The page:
Tag: "Health Care Access"

Medicaid Expansion Also Expands ER Use

A new report in the New England Journal of Medicine found that Medicaid expansion in Oregon actually increased use of the emergency room (ER) by people newly covered by Medicaid. Policy experts had expected ER use to fall as people gained coverage and could have a usual source of care, such as a primary care physician.  Within the first 15 months after gaining coverage, ER use spiked by about 40%, and remained high for subsequent years. It did not appear the people using the emergency room were necessarily substituting ER visits for primary care physicians (PCP) visits. Rather, PCP visits and ER visits appeared to be complementary.

Mercatus senior research fellow Brian Blase covers the implications in much more detail at Forbes. Blase points out that the value of Medicaid benefits is less than the cost, enrollees are misusing their benefits (ER visits when primary care would suffice). ER overuse makes it harder for those truly in need of emergency care to be seen in a timely manner. It is also arguably why the cost of  Medicaid expansion is far above initial projections.


Is Obamacare’s Failure Intentional, to Promote Medicaid-for-All?

A recent commentary in the Wall Street Journal announced, “Obamacare’s meltdown has arrived.” Health insurance premiums all over the country have skyrocketed. Numerous insurers have pulled out of state and federal exchange marketplaces. Many consumers have only one choice of health insurer and can choose from only a couple different plans. State health insurance CO-OPs have been falling like dominos and the program is now all but defunct.

None of this should have come as a surprise. Over the years I’ve heard conspiracy theories that Obamacare was designed to fail to nudge a reluctant nation one step closer to a single-payer system of socialized medicine. Think of this as Medicaid-for-All.

Government And The Cost Of Dental Care

UntitledIn July 2015, former Enron board member, New York Times columnist, and champion of ever more government control of health care, Professor Paul Krugman, wrote a disturbing blog entry:

Wonkblog has a post inspired by the dentist who paid a lot of money to shoot Cecil the lion, asking why he — and dentists in general — make so much money. Interesting stuff; I’ve never really thought about the economics of dental care.

But once you do focus on that issue, it turns out to have an important implication — namely, that the ruling theory behind conservative notions of health reform is completely wrong.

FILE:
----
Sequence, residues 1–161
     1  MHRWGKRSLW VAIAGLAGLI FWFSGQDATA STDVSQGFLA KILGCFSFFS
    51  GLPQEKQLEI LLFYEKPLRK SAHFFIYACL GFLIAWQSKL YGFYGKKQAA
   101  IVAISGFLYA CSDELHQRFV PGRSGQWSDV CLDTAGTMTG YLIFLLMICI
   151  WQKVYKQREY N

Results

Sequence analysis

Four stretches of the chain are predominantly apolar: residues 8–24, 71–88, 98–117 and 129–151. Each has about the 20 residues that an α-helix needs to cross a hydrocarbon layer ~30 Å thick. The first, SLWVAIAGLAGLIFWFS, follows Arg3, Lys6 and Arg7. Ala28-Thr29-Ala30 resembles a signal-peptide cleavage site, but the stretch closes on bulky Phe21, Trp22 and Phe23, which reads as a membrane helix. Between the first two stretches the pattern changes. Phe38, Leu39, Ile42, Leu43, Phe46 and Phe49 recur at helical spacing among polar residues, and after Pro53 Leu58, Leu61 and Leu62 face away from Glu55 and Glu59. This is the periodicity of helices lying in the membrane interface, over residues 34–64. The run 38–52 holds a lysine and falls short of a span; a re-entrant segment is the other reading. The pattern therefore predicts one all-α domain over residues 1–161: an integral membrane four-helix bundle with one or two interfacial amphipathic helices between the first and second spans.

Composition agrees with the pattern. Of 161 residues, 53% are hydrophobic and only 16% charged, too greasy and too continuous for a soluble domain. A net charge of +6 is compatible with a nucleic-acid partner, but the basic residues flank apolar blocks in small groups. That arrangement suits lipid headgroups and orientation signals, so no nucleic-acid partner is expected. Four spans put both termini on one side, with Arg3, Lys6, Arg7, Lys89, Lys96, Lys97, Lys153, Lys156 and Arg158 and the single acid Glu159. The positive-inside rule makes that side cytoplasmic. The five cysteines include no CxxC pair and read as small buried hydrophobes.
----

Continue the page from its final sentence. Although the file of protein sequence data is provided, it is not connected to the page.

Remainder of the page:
For many years conservatives have insisted that the problem with health costs is that we don’t treat health care like an ordinary consumer good; people have insurance, which means that they don’t have “skin in the game” that gives them an incentive to watch costs. So what we need is “consumer-driven” health care, in which insurers no longer pay for routine expenses like visits to the doctor’s office, and in which everyone shops around for the best deals.

Krugman goes on to insist dentistry is a consumer-driven market: Insurance is far less prevalent in dentistry than in medicine, and most dental care is routine and preventive. Yet, he points out, costs of dental care have risen at the same rate as those of other health care, not at the rate of other consumer goods and services.

EpiPen: A Case Study in what’s the Matter with Health Care

Americans throw away unused epinephrine auto-injectors worth more than $1 billion annually. Or maybe it would be more accurate to say that Americans waste more than $1 billion annually on $50 million worth of epinephrine auto-injectors that are discarded unused. The devices should only cost $20 a pair. So, why do they cost $608 instead? More on that below.

Is It Now Okay to Sell Your Kidney in the U.S.?

man-in-wheelchairThere is a global shortage of many organs for transplantation. How about just increasing the supply of organs through a free market? The idea of allowing people to sell their organs for personal gain grosses many of us out. Although, it is legal to sell our plasma, and many poor Americans find it profitable to do so.

The moral case for a market in organs has been made by Professors Kathryn Shelton and Richard B. McKenzie at the Library of Economics & Liberty. Yet, it is illegal to sell your organ for transplantation in the U.S. Or is it? A major insurer may have found a side door into this market, by offering up to $5,000 to kidney donors to cover their travel expenses. Clever, eh?

Texas’ Largest Insurer to Increase Premiums 60%